I have seen some highly compressed files around, such as 700MB of data compressed to around 30-50MB.

But how do you get such compressed files? I have tried using software like WinRAR and 7Zip but have never achieved such high compression.

What are the techniques/software that allow you to compress files so well?

(P.S. I'm using Windows XP)

  • Nice idea ... but where do you get such files from anyways? Aug 22, 2009 at 11:42
  • 4
    I've seen 7zip compress server log files (mainly text) down to about 1% of their original size. Oct 20, 2009 at 13:07
  • 2
    Open Notepad. Type 1 Billion times "A". Save, then compress. WOW! Create an app that writes 1 Billion (true) random numbers to a file. Compress that. HUH?
    – igrimpe
    Dec 28, 2012 at 8:51
  • igrimpe: Many compression algorithms index patterns. A billion A's is an A a billion times. You can compress that to [A]{1, 1000000000}. If you have a billion random numbers, it becomes difficult to do pattern matching since each consecutive number in a given subset decreases the probability of a matching subset exponentially.
    – AaronF
    Sep 20, 2016 at 22:46

9 Answers 9


If time taken to compress the data is not an issue, then you can optimise compressed size by using several different tools together.

Compress the data into multiple distinct archives using tools like 7-zip, winrar (for zip) and bjwflate.

Next, run deflopt on each archive to reduce each of them a little more.

Finally, run zipmix on the collection of archives. Since different zip tools are better on different files, zipmix picks the best compressed version of each file from each of the archives and produces an output which is smaller than any that any of the zip tools could have produced individually.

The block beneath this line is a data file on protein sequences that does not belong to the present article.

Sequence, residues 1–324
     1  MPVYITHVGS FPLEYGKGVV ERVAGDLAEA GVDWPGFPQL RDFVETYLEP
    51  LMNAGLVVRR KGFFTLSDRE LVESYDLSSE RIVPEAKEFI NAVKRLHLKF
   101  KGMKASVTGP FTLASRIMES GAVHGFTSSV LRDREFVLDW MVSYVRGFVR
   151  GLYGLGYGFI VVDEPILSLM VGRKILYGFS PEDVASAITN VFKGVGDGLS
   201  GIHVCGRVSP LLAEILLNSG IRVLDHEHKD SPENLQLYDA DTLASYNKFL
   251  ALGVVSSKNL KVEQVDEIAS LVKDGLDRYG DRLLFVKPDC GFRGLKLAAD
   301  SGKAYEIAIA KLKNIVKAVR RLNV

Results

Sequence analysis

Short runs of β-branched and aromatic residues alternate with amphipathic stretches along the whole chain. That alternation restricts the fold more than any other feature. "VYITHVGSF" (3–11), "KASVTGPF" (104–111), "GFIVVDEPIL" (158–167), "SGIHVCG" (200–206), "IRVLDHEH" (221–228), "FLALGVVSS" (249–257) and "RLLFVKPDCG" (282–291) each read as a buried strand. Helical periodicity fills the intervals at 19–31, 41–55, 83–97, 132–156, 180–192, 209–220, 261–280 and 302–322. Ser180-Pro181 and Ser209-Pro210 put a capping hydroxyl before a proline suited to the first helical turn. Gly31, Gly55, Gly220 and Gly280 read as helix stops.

You should note however that this is not guaranteed to work any kind of magic on your files. Certain types of data simply do not compress very well, like JPEGs and MP3s. These files are already compressed internally.

  • 4
    JPEGs and MP3s aren't zipped. They are compressed but not zipped.
    – KovBal
    Jul 21, 2009 at 18:27
  • 2
    This is incredibly poor advice, trying to use multiple compression algorithms sequentially is a very bad idea. Each algorithm creates a compressed file + overhead, so by using multiple you're actually adding data to the data you're trying to compress - it's like trying to dig a hole in the sand, the deeper you go the more sand pours in on you. You're far better off using a single good algorithm at maximum compression settings.
    – Tacroy
    May 5, 2012 at 0:02
  • 2
    I think you misunderstand.. the same data is not being recompressed repeatedly. Rather you are simply choosing the best single algorithm on a per file basis rather than per archive.
    – izb
    May 5, 2012 at 6:54
  • 8
    Compress the data several times is pretty misleading. Mar 11, 2013 at 4:24
  • @Tacroy Your comment sounds as if people trying to compress files in this fashion will pay no attention to the file sizes of the results. I'm sure that in the extremely rare case that the situation you described happens, users will see the larger file size and simply not use the output of zipmix. I haven't checked the software, but I wouldn't be surprised if I were told that zipmix considers the overhead anyway and picks files from the archives appropriately. Not to mention the overhead is probably nominal for many files, etc. Your comment seems incredibly uninformed...